I'm about worn out from digging the footers - and I even used my tiller to cut the trenches. I guess I'm not as young as I used to be (stating the obvious). I'll probably pour the concrete this weekend.

We had an interesting family outing today. I normally attend the Illiana pastor's fellowship that meets once a month at one of the churches in our area. The host church for today's meeting encouraged each of us to bring our families. They had breakfast for everyone, a nursery for pre-schoolers, and a retired teacher who sat with all of our children who are home-educated.

I must admit, it is not easy to get all 9 of us out of the house by 7:00 am (we had an hour and a half drive and the fog was REALLY BAD for the first 20 minutes of the trip), but it was certainly worth the fellowship as a family and with other families working in the ministry.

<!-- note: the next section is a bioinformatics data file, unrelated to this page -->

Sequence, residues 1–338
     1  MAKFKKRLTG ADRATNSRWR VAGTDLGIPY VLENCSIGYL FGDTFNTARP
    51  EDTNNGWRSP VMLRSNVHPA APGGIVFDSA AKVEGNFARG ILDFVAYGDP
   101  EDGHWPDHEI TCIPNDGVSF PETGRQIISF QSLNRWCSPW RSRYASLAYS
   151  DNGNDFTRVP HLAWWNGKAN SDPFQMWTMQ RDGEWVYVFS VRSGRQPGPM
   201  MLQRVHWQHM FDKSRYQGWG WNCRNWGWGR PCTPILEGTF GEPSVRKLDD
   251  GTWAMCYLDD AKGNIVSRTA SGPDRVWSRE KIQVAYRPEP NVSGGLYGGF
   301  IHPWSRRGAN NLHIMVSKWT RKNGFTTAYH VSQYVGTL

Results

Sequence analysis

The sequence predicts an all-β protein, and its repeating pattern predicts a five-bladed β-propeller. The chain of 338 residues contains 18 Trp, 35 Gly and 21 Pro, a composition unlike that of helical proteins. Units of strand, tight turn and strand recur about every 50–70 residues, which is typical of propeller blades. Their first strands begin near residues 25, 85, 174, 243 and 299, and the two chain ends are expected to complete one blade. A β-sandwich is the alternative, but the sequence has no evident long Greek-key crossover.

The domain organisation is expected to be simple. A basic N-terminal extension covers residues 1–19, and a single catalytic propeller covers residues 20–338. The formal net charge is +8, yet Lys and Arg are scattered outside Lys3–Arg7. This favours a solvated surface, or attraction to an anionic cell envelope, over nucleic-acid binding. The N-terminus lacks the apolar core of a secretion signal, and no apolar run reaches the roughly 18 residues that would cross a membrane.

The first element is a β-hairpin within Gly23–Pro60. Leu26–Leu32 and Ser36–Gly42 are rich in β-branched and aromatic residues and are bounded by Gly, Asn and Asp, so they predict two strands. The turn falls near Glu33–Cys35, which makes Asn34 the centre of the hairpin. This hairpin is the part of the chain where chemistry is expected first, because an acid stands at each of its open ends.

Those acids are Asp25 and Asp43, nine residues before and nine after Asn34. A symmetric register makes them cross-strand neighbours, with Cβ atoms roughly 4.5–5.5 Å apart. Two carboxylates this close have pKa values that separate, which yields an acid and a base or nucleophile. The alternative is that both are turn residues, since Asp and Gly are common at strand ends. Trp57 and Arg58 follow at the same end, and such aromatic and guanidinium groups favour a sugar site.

Friday, October 8, 2010

Thanks for teaching me . . .Ben Haupt, Hugh Hagerman, and Mr. Dallas

Several lessons that I've learned over the last 15 years have been put to good use over the past week or two. When I was working at ABC on the maintenance crew, I watched Ben Haupt (an outstanding arborist) cut down several trees. He never just walked up to a tree, cut through the trunk, and then watched it fall hoping for the best. Rather, he would climb it and take it down a little at a time with ropes. I think he could have cut a tree down and loaded it into the back of a truck without any of the wood ever touching the ground - he was good.